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Coping with Cancer Interventions for the Family
Cancer & Family continuing education addiction counselor CEUs

Section 14
Assessment of Affect and Physical Activity in Children with Cancer

CEU Question 14 | CE Test | Table of Contents | Cancer
Psychologist CEs, Counselor CEUs, Social Worker CEUs, MFT CEUs

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On the last track we discussed supporting the children. This track included four guidelines for helping your clients as parents dealing with children who are trying to cope with cancer in the family or of a friend or loved one.  The four guidelines for supporting children are preparing to tell the children, talking to children about cancer, evaluating reactions, and discussing cancer with multiple children. 

Since the last track provided information on how a client might talk to children about cancer, this track will focus on techniques for child affect integration.  The two techniques on this track are storytelling and playing, and drawing.  You might find that the techniques on this track can be provided for client information or applied directly in your practice with a child client you may be treating.  Also, could playing this track in an upcoming session be productive?

First, let’s discuss creating ways to express feelings.  More often than not, the moments children are ready to talk about feelings are those for which the parent is least prepared.  Parents or guardians can, however, create an environment that encourages the expression of feelings.

2 Techniques for Child Affect Integration

Technique # 1:  Storytelling and Playing
I find that storytelling and playing can be a productive way for younger children to begin to understand their feelings.  By using a doll or toy, the client might start a story by stating, "When teddy didn’t feel well, he went to the doctor and found out he had cancer."  The client may decide to tell the story alone or have the child join in.  For example, the child might describe how teddy got to the doctor and handled the news, then how he took his medicine and how he acted afterward. 

Older children might be encouraged to write a short story or poem about when the patient got sick.  Perhaps they can write a letter to the patient telling him or her about his feelings.   Letters written to friends and relatives can help share stories about the changes in the child or teens lives.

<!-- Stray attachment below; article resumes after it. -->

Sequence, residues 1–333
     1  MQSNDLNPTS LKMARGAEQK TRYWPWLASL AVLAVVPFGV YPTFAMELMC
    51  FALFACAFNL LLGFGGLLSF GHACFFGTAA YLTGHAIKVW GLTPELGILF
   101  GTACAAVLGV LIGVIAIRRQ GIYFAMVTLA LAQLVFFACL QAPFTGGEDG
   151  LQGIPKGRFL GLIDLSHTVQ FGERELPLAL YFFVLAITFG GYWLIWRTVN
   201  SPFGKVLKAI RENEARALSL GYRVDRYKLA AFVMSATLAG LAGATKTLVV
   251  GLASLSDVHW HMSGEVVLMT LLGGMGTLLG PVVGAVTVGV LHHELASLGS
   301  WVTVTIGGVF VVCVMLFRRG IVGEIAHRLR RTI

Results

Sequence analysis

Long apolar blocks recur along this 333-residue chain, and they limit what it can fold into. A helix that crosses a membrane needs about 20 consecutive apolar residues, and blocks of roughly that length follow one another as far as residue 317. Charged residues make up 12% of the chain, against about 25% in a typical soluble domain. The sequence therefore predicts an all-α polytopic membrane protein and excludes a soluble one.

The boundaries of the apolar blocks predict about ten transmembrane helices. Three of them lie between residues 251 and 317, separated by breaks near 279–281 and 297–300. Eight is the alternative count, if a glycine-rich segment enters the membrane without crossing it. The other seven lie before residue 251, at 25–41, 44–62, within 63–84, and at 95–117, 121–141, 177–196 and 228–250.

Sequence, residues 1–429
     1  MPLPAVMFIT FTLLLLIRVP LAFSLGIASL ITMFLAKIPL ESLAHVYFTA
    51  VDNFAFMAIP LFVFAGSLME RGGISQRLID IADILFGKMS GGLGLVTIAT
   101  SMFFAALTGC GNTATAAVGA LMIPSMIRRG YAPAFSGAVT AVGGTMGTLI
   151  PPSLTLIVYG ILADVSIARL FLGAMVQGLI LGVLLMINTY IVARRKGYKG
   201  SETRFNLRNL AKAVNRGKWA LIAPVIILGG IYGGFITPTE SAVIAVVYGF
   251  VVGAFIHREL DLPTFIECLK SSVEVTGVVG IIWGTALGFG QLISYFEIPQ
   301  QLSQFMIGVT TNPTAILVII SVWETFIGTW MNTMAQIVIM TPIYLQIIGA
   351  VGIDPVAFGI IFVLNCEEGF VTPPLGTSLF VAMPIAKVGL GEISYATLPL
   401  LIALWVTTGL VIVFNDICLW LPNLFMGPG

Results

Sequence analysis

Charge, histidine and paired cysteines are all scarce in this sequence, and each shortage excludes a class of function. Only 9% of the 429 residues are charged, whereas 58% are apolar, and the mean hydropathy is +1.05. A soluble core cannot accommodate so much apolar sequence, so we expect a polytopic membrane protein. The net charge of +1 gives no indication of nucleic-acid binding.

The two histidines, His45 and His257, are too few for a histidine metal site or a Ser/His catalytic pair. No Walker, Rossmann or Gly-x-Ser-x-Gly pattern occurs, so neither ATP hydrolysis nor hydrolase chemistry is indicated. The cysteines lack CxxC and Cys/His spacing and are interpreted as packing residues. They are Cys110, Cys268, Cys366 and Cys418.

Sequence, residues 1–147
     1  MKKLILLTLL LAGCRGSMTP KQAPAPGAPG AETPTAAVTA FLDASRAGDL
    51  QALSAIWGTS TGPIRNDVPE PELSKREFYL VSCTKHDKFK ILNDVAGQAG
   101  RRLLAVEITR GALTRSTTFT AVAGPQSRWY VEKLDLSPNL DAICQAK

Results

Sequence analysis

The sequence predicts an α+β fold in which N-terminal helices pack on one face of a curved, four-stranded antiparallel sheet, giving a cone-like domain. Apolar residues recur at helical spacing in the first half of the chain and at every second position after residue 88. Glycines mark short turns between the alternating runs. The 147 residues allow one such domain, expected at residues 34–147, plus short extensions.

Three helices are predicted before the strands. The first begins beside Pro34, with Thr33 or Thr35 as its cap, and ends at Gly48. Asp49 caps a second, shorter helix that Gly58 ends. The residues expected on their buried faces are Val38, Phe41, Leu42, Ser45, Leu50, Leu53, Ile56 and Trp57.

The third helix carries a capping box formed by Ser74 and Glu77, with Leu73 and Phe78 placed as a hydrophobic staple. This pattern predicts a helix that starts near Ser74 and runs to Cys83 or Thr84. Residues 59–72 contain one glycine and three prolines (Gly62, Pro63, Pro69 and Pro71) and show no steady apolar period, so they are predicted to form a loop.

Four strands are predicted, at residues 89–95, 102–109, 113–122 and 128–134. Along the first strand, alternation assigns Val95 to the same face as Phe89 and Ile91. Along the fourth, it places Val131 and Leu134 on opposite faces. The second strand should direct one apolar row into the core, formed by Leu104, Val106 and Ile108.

In my practice, I suggest to the parent or guardian that he or she validate the child’s emotions by sharing with them a personal experience.  For example, Todd, age 34, validated his daughter Jamie’s emotions.  Todd stated, "I remember when my father had cancer.  I was very scared."  Jamie then knew it was okay to be scared because her father felt the same way.  How might storytelling and playing benefit the child of a client you are treating?

Technique # 2:  Drawing
Drawing is another productive technique for expressing emotions.  Children might be asked if they would like to draw pictures of the family or friends.  The client then asks the child to explain what they are drawing while they are drawing it or after they have finished.  Pictures can also help children express feelings. 

Todd tried the following exercise with his 8 year old daughter Jamie.  Todd brought Jamie into a comfortable room which was the den.  Todd sat with her, symbolizing that he was engaged in this exercise too.  I had given Todd a chart with drawings of faces, each of which depicted a different emotion: anger, sadness, happiness, or nervousness.  Todd stated, "We cuddled up together to establish some intimacy.  Then I pointed to the face that represented how I felt.  I asked Jamie, "Which of these drawings looks like you feel?"

This exercise gave Jamie a way to assign pictures to her feelings.  Would you agree that by putting words or pictures to feelings, younger children can begin to express their feelings.  To help Jamie verbalize, Todd stated, "You look so sad. It must feel like all of my attention is on Mommy now."  A child who may think it’s childish to be afraid of losing a parent or being abandoned may point to the sad face and share her fears.

Your client’s children may feel more comfortable exposing their emotions this way than in a heart-to-heart talk. The client can also draw faces or ask your child to draw her face.  Then talk about the drawing.  Could cutting out pictures of different emotions help a clients child make up his or her own chart?

On this track we discussed techniques for child affect integration.  The two techniques on this track are storytelling and playing, and drawing. 

Peer-Reviewed Journal Article References:
Dunton, G. F., Huh, J., Leventhal, A. M., Riggs, N., Hedeker, D., Spruijt-Metz, D., & Pentz, M. A. (2014). Momentary assessment of affect, physical feeling states, and physical activity in children. Health Psychology, 33(3), 255–263. 

Pariseau, E. M., Chevalier, L., Muriel, A. C., & Long, K. A. (2019). Parental awareness of sibling adjustment: Perspectives of parents and siblings of children with cancer. Journal of Family Psychology. 

Poort, H., Müller, F., Bleijenberg, G., Verhagen, S. A. H. H. V. M., Verdam, M. G. E., Nieuwkerk, P. T., & Knoop, H. (2021). Condition or cognition? Mechanism of change in fatigue in a randomized controlled trial of graded exercise therapy or cognitive behavior therapy for severe fatigue in patients with advanced cancer. Journal of Consulting and Clinical Psychology, 89(9), 731–741.

Schepers, S. A., Russell, K., Berlin, K. S., Zhang, H., Wang, F., & Phipps, S. (2020). Daily mood profiles and psychosocial adjustment in youth with newly diagnosed cancer and healthy peers. Health Psychology, 39(1), 1–9.

Online Continuing Education QUESTION 14
What are two techniques for child affect integration? To select and enter your answer go to CE Test.

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